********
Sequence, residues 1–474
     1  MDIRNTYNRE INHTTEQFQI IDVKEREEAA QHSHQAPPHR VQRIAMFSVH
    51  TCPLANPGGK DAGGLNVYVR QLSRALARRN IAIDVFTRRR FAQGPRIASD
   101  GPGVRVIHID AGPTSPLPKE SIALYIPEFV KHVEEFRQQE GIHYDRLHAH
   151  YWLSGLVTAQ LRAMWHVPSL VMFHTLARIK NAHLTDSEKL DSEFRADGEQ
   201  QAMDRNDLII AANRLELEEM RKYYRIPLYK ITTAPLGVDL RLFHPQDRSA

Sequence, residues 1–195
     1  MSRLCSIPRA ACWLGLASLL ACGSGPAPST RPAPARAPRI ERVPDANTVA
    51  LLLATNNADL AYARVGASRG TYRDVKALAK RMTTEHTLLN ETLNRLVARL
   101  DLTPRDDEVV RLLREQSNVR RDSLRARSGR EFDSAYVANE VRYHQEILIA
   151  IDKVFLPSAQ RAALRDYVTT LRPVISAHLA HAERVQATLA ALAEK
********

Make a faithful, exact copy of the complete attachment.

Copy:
Sequence, residues 1–474
     1  MDIRNTYNRE INHTTEQFQI IDVKEREEAA QHSHQAPPHR VQRIAMFSVH
    51  TCPLANPGGK DAGGLNVYVR QLSRALARRN IAIDVFTRRR FAQGPRIASD
   101  GPGVRVIHID AGPTSPLPKE SIALYIPEFV KHVEEFRQQE GIHYDRLHAH
   151  YWLSGLVTAQ LRAMWHVPSL VMFHTLARIK NAHLTDSEKL DSEFRADGEQ
   201  QAMDRNDLII AANRLELEEM RKYYRIPLYK ITTAPLGVDL RLFHPQDRSA

Sequence, residues 1–195
     1  MSRLCSIPRA ACWLGLASLL ACGSGPAPST RPAPARAPRI ERVPDANTVA
    51  LLLATNNADL AYARVGASRG TYRDVKALAK RMTTEHTLLN ETLNRLVARL
   101  DLTPRDDEVV RLLREQSNVR RDSLRARSGR EFDSAYVANE VRYHQEILIA
   151  IDKVFLPSAQ RAALRDYVTT LRPVISAHLA HAERVQATLA ALAEK